Mailbag: On Judging

Mailbag: On Judging May 3, 2018

A reader writes:

I hope you are doing well, and that this past Lent and Easter have brought you and yours closer to Our Lord.

Yes.  Thank you!

Ok, so I have a question that has been on my mind quite a bit of late.  What exactly did Jesus mean in Luke 6:37 when He said, “Stop judging, and you will not be judged”?  I mean, I think I understand what He meant when He said “Stop condemning, and you will not be condemned.”  I think He meant that if we stop condemning someone as destined for Hell no matter if they repent or not, then we will not suffer the very condemnation we are projecting onto our victim.

That’s about it.

But what did He mean by “Stop judging, and you will not be judged”?  Did He mean stop judging actions as good or evil?  I don’t think that’s what He meant… is it?

No.  In fact, he tells us to make such moral judgments: “And why do you not judge for yourselves what is right?”  (Lk 12:57).

That’s why he tells us:

“Beware of false prophets, who come to you in sheep’s clothing but inwardly are ravenous wolves. You will know them by their fruits. Are grapes gathered from thorns, or figs from thistles? So, every sound tree bears good fruit, but the bad tree bears evil fruit. A sound tree cannot bear evil fruit, nor can a bad tree bear good fruit. Every tree that does not bear good fruit is cut down and thrown into the fire. Thus you will know them by their fruits. (Mt 7:15–20).

So it is evident that we are supposed to make common sense moral decisions about our conduct and we are supposed to exercise the sense God gave geese so that we are not taken in by con men.

But we are not to appoint ourselves the Judge of somebody’s eternal destiny, for the simple reason we can’t know it.  We can judge their words and deeds and, with sufficient evidence, know if they are lying about something.  But ultimately, we cannot know their culpability for their actions.

Juries have to do this all the time.  We can know reasonably well, given sufficient evidence, that John shot Mary to death, that he was of sound mind and body, and so forth.  And we can and must therefore choose to punish him for what he did.  That’s not sin.  That’s how you run a society.  But we cannot say with definitive certitude what his guilt in the eyes of God is, nor can we know that he will never repent his sin and be therefore damned. We are to pray and hope for the redemption of all, not savor the thought that they will burn in hell.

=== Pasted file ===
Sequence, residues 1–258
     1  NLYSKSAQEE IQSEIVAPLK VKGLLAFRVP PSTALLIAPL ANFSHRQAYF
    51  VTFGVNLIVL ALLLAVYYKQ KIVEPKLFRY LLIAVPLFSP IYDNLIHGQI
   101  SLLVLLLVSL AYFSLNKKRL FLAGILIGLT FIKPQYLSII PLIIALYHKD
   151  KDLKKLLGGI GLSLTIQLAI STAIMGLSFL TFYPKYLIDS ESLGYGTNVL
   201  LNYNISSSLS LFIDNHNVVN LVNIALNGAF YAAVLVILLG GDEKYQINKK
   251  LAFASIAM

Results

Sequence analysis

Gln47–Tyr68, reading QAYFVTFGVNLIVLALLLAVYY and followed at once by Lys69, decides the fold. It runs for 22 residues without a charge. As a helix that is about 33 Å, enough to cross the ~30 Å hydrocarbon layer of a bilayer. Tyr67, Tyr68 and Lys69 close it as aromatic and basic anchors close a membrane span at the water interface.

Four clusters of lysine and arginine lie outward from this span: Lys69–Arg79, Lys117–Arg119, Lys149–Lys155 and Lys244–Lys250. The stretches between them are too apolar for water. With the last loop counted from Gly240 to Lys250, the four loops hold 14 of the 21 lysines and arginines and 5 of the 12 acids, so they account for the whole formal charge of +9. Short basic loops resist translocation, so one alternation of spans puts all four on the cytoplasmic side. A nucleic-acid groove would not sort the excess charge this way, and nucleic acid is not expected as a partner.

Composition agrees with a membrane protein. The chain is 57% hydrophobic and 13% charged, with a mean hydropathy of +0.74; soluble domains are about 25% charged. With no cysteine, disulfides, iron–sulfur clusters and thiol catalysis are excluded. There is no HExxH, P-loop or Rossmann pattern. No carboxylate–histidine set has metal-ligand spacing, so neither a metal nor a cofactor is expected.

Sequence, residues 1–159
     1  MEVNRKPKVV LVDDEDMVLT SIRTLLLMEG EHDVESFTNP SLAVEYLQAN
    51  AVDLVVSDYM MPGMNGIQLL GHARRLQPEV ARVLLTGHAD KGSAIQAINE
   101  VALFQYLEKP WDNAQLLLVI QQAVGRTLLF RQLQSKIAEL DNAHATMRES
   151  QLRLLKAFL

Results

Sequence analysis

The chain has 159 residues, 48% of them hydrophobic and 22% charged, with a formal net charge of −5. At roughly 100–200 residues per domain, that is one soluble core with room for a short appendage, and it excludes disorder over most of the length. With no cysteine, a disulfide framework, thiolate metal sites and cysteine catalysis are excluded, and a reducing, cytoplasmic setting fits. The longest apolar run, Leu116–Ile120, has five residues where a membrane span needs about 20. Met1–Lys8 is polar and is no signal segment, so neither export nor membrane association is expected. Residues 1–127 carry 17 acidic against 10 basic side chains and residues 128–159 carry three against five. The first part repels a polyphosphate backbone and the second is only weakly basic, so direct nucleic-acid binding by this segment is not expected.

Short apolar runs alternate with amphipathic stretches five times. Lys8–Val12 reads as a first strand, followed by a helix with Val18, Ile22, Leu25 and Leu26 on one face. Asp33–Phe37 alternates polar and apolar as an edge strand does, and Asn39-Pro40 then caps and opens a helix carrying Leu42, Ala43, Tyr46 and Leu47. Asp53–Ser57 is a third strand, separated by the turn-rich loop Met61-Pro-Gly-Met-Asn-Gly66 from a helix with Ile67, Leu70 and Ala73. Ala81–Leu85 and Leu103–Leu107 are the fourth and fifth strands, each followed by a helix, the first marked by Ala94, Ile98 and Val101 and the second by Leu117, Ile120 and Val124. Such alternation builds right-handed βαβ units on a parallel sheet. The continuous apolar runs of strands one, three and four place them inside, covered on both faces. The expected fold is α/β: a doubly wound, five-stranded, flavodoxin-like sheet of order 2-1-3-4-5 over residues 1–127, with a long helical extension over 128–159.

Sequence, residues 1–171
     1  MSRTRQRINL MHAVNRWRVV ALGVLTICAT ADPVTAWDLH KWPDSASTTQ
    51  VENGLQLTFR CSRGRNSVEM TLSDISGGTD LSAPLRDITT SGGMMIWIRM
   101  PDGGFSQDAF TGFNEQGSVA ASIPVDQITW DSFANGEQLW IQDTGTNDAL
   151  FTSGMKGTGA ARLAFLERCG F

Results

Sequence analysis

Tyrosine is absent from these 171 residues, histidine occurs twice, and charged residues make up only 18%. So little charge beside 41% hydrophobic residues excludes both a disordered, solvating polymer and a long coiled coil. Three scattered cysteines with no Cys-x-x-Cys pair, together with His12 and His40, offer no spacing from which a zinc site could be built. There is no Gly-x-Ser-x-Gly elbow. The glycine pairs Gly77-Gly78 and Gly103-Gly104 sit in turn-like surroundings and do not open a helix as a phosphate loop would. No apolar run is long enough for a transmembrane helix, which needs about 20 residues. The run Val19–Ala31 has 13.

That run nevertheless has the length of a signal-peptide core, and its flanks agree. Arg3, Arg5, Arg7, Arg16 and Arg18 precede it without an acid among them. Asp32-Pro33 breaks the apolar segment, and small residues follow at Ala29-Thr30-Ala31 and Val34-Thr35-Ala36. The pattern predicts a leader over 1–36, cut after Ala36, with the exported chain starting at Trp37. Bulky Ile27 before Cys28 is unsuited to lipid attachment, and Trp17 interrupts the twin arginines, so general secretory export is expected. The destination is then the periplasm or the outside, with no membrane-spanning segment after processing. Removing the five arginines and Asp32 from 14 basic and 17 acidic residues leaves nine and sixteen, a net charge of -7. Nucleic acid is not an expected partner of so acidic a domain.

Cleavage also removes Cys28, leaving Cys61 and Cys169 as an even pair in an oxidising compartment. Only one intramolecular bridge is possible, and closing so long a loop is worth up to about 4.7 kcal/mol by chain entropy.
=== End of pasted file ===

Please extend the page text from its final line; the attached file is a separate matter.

I mean, it seems on its face silly to think that.  But ok, so He didn’t mean “don’t judge actions as right or wrong” (I don’t know; maybe He did mean it that way, in a certain sense?  I’m so unsure about this).

No.  You are right.  If it were sin to judge actions as right and wrong, nobody would ever be able to make a moral judgment about anything ever again.

Did He mean the same thing as “Stop condemning”?  If He was saying the same thing in two different ways, why did He say “Stop judging”?  Did He say it twice so as to be understood by those who understood “judging” and “condemning” differently?  Or is “judging” different from “condemning”?

I think they are equivalent ideas.

I would think the two things are distinct, but I am really uncertain as to what I should “stop” doing when it comes to judging.  I think I have successfully stopped condemning (at least for the most part – I mean, I can at least look back at prior conduct in a given day and see where I’ve fallen into the sin of condemning others).  But as to judging, I am quite unsure now.

I think it comes down to “Judge the action, word or idea, not the person.”  And “do not judge the person” comes down to not willing their condemnation by God.  We have to judge actions.  “Should I rescue this child from the hands of the man trying to molest him?” has a self-evident answer about the act.  “Should I trust that man to babysit my child?” has a self-evident answer about the character of the person who did the act.  “Should that person be handed over to the law and jailed?” also has a self-evident answer.  But “Is that person going to hell?” does not have a self-evident answer.

This question has really been nagging at me of late.  If you have any time to address it, I would greatly appreciate it.

Hope that helped!

Thanks as always, Mark, for your time and consideration.  And keep up the good fight!  I do believe the tide is turning!  As always, you remain in my prayers and those of my family.

Thank you so much for your kind prayers!

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